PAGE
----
Last year I had a 1250 Chauvet (which if you follow/look at the thread that's been going on since last year, you'll find out they were basically 800watt foggers), and it was still too powerful for my 60qt igloo vortex style chiller. So a 400 watt may be perfect to do what you're doing.

Can't wait to see it all put together and working! Keep us posted.
 

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Yeah i made the arch so that as seen it break down into 5 parts and i plan on using them for storage as well LOL

as for the arch itself well it will be over my electric chair so i'm not really exactly sure how i am going to run the fog yet but i will keep you posted

i'm hoping to really finish both these up this weekend so i can get started on something else LOL

time will tell

 

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I was thinking of trying a combo of regular and dry ice this year. Maybe some dry ice in a tube coming out of my barrel style chiller full of regular ice. Anyone ever tried that?
 

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Discussion Starter #17
I was thinking of trying a combo of regular and dry ice this year. Maybe some dry ice in a tube coming out of my barrel style chiller full of regular ice. Anyone ever tried that?
I honestly cant see a reason for doing so. If your already buying dry ice which is 4-5x colder why go backwards? :confused:

Confucius your prop is looking killer by the way!
 

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I don't understand why people want to make ground fog so hard. While the vortex designs work its inefficient. A abs pipe with chunks of dry ice works better, its smaller, its cheaper and there is no mess. Dry ice prices have come way down, so I just don't get it. Are people afraid of the stuff? Don't eat it and use gloves. Pretty basic. Sorry guys if i seem irritated. I just got done helping a friend with his 2 home made (vortex) chillers and I just don't get it. Yes he is afraid of dry ice. Anyway I'm sure I'll get at least one flame for this but oh well. I had to pose the question.:confused:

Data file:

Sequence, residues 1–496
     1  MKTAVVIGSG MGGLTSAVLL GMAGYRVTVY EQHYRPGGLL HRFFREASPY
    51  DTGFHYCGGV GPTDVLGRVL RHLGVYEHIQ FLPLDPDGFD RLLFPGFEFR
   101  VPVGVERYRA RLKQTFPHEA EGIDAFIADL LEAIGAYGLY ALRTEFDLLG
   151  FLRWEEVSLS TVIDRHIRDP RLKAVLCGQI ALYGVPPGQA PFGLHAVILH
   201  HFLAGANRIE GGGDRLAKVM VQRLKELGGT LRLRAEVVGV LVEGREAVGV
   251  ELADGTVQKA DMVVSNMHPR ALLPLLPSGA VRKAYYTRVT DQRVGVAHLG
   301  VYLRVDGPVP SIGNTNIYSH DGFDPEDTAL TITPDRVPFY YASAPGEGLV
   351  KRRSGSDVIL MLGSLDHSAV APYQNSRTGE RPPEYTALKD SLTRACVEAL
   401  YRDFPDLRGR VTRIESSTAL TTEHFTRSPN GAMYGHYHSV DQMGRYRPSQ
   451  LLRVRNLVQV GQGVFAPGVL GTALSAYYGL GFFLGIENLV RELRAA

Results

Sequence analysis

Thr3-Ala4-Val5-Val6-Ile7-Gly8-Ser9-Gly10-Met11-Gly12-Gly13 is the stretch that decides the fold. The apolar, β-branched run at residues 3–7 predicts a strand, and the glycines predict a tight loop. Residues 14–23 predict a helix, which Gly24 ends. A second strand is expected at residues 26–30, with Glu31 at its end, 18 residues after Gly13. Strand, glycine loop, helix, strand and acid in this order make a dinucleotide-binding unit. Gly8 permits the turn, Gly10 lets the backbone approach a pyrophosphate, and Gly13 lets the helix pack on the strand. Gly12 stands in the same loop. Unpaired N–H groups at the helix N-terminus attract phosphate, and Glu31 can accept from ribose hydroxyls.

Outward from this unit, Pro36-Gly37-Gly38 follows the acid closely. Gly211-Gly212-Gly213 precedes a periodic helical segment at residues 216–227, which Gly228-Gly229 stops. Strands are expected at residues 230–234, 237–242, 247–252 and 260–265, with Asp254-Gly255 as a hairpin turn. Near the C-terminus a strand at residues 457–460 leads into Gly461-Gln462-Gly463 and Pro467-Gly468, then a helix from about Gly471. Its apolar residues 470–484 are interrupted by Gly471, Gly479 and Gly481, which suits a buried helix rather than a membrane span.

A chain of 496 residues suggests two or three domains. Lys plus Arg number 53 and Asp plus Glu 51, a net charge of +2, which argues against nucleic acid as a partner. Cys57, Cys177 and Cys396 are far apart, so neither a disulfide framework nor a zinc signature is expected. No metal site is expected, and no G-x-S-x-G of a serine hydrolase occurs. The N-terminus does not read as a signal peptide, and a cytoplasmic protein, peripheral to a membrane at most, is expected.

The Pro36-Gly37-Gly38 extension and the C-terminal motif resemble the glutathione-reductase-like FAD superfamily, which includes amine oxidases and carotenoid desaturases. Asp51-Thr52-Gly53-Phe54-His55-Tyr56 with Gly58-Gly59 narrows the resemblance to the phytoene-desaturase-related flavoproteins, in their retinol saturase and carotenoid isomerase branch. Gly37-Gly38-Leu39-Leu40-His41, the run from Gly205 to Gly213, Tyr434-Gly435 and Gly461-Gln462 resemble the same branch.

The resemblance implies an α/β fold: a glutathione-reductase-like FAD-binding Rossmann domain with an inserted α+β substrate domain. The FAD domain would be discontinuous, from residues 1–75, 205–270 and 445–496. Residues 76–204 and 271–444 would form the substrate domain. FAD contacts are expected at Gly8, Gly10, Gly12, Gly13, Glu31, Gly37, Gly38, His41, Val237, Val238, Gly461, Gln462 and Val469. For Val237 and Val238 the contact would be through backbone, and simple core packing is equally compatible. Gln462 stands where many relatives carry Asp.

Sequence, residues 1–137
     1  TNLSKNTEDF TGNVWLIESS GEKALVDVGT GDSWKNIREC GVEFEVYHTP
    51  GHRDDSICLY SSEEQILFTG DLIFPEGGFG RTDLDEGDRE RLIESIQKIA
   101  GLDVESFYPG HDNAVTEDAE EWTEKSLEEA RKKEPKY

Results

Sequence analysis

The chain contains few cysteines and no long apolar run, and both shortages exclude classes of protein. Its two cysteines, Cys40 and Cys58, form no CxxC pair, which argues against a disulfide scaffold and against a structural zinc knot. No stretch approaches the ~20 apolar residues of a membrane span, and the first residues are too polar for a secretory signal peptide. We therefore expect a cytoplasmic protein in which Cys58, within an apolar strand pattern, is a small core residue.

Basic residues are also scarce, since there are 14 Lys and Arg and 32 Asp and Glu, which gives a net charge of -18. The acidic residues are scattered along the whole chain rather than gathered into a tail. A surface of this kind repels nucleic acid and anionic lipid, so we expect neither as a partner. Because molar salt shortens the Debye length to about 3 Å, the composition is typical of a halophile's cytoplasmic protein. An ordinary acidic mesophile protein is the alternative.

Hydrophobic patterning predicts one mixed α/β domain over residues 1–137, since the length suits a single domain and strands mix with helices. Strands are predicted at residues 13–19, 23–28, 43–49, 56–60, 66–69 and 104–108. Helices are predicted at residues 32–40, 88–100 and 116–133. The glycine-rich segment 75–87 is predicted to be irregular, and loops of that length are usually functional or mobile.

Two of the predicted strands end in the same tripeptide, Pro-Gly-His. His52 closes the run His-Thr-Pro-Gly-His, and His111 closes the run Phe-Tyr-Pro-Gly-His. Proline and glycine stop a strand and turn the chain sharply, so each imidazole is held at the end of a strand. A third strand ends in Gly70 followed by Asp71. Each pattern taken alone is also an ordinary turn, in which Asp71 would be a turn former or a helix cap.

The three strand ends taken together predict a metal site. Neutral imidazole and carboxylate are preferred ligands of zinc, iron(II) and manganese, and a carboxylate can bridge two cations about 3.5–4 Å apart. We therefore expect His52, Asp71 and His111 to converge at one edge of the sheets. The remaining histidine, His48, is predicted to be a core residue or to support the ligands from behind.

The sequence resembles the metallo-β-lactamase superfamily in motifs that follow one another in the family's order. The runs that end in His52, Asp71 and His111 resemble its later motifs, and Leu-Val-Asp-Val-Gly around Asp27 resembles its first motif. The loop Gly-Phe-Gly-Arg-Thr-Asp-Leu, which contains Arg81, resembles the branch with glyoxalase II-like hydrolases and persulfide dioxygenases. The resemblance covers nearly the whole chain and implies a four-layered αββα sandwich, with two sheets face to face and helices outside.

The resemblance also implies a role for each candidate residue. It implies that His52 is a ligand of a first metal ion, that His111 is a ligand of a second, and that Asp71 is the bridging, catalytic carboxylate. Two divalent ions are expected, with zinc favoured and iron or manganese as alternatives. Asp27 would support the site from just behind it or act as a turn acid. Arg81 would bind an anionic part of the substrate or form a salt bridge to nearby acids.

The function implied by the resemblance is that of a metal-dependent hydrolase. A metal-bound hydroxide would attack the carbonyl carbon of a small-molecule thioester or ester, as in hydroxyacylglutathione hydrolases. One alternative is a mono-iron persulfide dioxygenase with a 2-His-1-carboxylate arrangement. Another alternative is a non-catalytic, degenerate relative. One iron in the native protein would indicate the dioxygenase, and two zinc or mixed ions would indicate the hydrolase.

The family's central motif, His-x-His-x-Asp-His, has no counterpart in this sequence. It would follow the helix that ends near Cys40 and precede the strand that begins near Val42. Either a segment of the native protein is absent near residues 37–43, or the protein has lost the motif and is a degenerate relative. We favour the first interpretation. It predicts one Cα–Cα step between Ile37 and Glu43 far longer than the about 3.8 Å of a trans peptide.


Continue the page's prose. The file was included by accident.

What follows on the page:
I live in Massachusetts and I know of no grocery store that sells dry ice. Why is dry ice so readily available where you live? What else would you use it for? Grocery stores wouldn't sell it unless there was year round demand for it.
 

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I honestly cant see a reason for doing so. If your already buying dry ice which is 4-5x colder why go backwards? :confused:

Confucius your prop is looking killer by the way!
Well my theory was to start the "chill" in the regular ice, then through the dry to help reduce the strain on the dry ice to help conserve it. I can get it in my area, but it's expensive.
 

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How much is it in your area? It runs about $1 a lb here. I plan to get 10lbs or so.. see how that works early in the day on the 31st.. if it's not enough grab another 10. It also depends on the wind.. if there is a lot of wind out, I'll probably just get ice from various neighbors and go that route and avoid paying for it. Even tho dry ice is a lot better at chilling the fog.. if the wind is up, it won't matter how cold it is, be it ice or dry ice.. it's going to get blown away.

I'd say, for your can chiller.. as long as you got a drain plug at the bottom so the water can drain out, you should be good either way. I liked that about the igloo coolers.. they have the insulation to help keep it colder and a drain plug. $30 for the 60qt at Walmart tho.. I won't be doing it this year I don't think.